Encourage participants to remain focused and present when conducting their interviews or focus groups online. Instruct them to close all unrelated programs and find a quiet space to engage in the session. Moreover, allow members to blur their background or use a plain colored background to avoid distracting participants with what’s on their bookshelf or how cute their cat is. Lastly, if it’s conducive to your specific research project, suggest that participants that are not speaking turn their audio and visuals off so the group can listen to one person at a time. Reducing the visual cues our brain has to process may significantly reduce Zoom fatigue. 

Keep Things Short & Sweet

Focus groups and interviews are great ways to peel the onion behind customer motivations and behaviors. However, they can also lead to long and drawn-out responses from consumers. As a researcher, your job is to keep the session focused and timely. If you let one participant speak for too long, you risk losing the engagement of your other participants. Ideally, you want to get as much information as possible from as many different members as possible. Offer pre-planned concise questions and probe further where necessary; just watch the clock while you do it. 

Keep To The Agenda

You can avoid draining your research participants by making sure you’re well-prepared. Draft a detailed, minute-by-minute plan including all questions you plan to ask and how long you estimate it will take participants to answer. Also, schedule your breaks and leave some padding in case of technology glitches. Provide the agenda to all focus groups or interview participants, so everyone has clear expectations for the session. By being transparent about timing, participants will know what to expect and are less likely to become antsy during the research session.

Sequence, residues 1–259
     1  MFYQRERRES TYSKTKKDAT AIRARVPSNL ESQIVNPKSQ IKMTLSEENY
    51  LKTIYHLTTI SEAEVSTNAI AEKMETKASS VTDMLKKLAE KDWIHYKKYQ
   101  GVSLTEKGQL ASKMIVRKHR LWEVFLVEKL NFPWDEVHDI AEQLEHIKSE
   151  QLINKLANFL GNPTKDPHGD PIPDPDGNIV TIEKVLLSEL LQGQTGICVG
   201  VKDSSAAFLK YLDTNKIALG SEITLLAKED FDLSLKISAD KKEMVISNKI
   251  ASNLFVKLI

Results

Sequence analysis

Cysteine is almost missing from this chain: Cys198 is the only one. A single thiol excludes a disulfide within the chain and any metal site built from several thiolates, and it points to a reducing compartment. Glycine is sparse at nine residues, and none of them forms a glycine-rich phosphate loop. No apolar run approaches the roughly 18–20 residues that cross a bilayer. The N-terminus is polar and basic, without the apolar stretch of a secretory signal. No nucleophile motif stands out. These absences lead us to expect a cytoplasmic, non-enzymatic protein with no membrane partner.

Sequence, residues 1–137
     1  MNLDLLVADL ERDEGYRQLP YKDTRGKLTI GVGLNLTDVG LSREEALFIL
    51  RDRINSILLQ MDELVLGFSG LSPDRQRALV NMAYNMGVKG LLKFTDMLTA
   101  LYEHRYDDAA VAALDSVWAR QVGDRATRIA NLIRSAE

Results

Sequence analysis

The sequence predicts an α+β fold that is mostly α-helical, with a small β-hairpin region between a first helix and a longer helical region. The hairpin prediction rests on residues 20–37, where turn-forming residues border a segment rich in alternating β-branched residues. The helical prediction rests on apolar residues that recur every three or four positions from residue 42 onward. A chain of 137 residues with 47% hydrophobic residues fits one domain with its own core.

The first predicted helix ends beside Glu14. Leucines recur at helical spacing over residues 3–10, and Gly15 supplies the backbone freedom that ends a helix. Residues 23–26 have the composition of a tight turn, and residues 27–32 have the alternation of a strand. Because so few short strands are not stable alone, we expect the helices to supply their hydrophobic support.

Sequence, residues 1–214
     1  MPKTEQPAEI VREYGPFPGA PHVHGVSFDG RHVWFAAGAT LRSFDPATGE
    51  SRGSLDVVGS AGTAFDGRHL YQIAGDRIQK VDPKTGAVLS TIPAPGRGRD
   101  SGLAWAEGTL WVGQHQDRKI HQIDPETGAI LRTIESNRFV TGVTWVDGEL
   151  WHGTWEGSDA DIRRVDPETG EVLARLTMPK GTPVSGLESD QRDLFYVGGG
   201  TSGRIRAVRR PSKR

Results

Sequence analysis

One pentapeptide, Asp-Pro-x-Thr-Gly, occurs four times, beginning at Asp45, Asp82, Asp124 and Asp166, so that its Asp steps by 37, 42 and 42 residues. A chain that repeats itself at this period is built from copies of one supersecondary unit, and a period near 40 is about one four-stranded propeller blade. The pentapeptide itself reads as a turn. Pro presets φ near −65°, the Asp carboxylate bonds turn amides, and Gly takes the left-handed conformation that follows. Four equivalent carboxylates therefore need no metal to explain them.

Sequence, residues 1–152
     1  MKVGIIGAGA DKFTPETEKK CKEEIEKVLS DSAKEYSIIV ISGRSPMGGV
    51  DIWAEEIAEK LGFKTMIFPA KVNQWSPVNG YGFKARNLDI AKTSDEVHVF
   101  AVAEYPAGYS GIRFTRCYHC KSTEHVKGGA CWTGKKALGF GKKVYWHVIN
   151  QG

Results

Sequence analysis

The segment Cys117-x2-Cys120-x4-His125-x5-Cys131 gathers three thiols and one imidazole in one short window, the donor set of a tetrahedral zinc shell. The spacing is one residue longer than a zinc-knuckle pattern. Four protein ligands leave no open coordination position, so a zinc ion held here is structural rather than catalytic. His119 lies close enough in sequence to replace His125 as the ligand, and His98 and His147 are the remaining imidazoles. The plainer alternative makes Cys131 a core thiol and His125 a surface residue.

Bottom Line On Zoom Fatigue For MRI

Since the height of COVID, market researchers have harnessed the technology of video conferencing platforms like Zoom to cut costs, increase convenience, and boost the efficiency of their research projects. The allure of virtual research has only grown with brands seeking real-time consumer data that allows them to remain agile at every turn. Virtual interviews and focus groups are an excellent way to gather rich market research insights with less stress and less overhead. However, they can add to the already rampant Zoom fatigue felt by people across the nation. To alleviate this fatigue, researchers can employ a variety of tactics. 

Researchers should build in incremental breaks during their focus group and interview sessions, so participants have a chance to refresh. On-screen distractions should be minimized to avoid stimuli overload. Researchers must keep sessions moving at an efficient pace to avoid long stretches of inactivity among participants. Finally, research leaders should carefully craft a session agenda, provide it to members, and stick to it as closely as possible. 

Virtual interviews are easy to run online with solutions like Live by Fuel Cycle. With capabilities like a virtual waiting room, screen sharing, whiteboarding, and even a private backroom for observers and stakeholders, collecting consumer data is seamless.